Pielou’s and the variance:mean indices indicated that the vegetation was aggre- gated on all plots (Table 4). Those indices calculated by Pielou’s index were all high (7.96-l 1.05) as were those calculated by the variance:mean index on plot 3 (10.10) and plot 4 (4.39). A concomitant

Table 3. Comparison of total density values (plants/m2) obtained from some sampling techniques.

Angle order

Actual Line *_ **_ ***_

Plot density transect Quarter Quadrat mlex ml m0

n 7 71

1 1000.5 836.0 372.2 - 1000.5 1897.1 1321.3

2 1073.4 870.0 404.0 - 952.6 1143.6 877.2

3 983.3 1310.0 535.6 1056.0 916.6 1362.5 980.1

4 889.7 1382.0 376.1 962.0 819.8 1966.3 1350.1

X= 986.7 1099.5 422.0 1009.0 923.6 1592.4 1132.2

*iiilex was calculated by excluding distance measurements one cm or less.

71

**iii1 was calculated by including all distance measurements.

-F

***iii, is the average of ml and m2 divided by 71.

Ir

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decrease in the aggregation indices and in relative density of splitbeard bluestem, the most aggregated species, is also in- dicated in Table 4.

The methods varied considerably in sampling time and could be ranked ac- cording to decreasing time requirements as follows: point transect, line transect, angle order, wandering quarter, quarter and quadrat. Approximately 400 shoots could be encountered by the quadrat method in one-half less time than in the point transect method. Sampling time for both the point and line transect methods was increased because of the mulch layer; in addition, the high density of splitbeard clumps (5-6 shoots/cm2) hampered sampling in the latter. In the angle order method much time was spent in locating the third nearest individual and calcu- lating total density.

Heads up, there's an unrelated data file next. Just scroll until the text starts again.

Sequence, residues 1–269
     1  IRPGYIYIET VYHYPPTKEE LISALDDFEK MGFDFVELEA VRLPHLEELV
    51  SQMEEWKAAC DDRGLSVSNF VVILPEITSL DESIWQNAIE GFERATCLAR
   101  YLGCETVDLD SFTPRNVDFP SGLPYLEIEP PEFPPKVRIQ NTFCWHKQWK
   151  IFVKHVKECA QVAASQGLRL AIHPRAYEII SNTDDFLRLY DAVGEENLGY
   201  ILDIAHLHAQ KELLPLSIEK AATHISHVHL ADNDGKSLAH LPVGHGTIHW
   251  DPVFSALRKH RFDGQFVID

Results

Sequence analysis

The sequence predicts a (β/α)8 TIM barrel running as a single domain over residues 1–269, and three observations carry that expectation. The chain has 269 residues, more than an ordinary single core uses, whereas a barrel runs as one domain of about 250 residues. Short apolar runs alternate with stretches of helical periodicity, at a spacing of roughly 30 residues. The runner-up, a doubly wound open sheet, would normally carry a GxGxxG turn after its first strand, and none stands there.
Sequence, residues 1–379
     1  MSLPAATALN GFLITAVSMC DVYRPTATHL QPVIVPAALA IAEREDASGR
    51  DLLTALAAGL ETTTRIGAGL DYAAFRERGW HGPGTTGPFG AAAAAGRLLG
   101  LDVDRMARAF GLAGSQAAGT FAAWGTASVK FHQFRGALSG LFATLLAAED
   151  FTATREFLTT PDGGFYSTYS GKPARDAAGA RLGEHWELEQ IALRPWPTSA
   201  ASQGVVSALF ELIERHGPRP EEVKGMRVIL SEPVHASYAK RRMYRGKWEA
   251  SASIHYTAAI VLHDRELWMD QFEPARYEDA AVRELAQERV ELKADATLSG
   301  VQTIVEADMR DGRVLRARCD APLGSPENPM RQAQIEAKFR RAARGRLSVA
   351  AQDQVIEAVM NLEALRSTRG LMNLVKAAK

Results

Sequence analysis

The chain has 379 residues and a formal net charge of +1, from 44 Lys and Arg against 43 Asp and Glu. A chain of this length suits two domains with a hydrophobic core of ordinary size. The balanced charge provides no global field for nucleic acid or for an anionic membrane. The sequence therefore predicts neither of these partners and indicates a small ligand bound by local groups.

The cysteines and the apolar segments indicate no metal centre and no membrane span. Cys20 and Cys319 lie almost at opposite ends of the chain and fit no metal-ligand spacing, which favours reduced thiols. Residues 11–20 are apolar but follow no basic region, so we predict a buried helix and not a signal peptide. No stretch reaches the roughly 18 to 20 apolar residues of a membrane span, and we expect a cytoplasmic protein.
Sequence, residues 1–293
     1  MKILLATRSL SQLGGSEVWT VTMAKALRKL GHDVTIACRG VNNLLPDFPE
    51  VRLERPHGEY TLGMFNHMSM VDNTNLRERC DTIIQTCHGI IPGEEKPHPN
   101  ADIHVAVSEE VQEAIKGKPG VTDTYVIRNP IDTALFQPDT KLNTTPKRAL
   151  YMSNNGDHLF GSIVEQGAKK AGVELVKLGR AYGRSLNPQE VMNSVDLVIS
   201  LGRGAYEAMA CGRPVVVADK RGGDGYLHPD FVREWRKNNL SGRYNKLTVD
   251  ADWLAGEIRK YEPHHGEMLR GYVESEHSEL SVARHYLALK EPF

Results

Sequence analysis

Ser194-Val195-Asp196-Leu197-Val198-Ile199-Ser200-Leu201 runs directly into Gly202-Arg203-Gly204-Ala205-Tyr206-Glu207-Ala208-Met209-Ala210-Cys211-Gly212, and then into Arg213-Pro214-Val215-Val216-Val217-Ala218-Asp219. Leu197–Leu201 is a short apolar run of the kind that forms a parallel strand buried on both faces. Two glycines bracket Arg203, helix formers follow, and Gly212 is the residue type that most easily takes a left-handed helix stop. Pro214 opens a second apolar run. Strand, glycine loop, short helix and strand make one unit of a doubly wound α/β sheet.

Discussion

The composition of an aggregated grassland community theoretically can best be determined by a single pin of infinitely small size as a sampling unit, which is repeatedly lowered into the vegetation, striking the shoots of each species. In a random sample the prob- ability of hitting shoots of each species is proportional to their density. Since only sampling error would be present, the observed values should closely approxi- mate the expected values. The chi-square values obtained by such a method should not exceed 12.59, with six degrees of freedom at P = .05 (Snedecor and Cochran, 1967). The poor agreement of sampled and actual data in this study indicates considerable bias in the sam- pling methods. High aggregation of some species is believed to contribute to much of the poor agreement. Splitbeard blue- stem was an especially aggregated species; a decrease in its density coincided with a decrease in magnitude of Pielou’s index on plots 1-4. In addition, sampled values departed less from actual values for major species when splitbeard bluestem data were excluded. With its inclusion the chi-square value of 12.59 was not or was slightly exceeded only by the modified point transect method on plot 3 and 4, and by the line transect method on plot 4. With its exclusion, however, the max- imum expected chi-square value of 11.07 (5 degrees of freedom at P = .05) was obtained on plot 3 by both of the point transect methods, and on plot 4 by the point transect, line transect, and quadrat methods.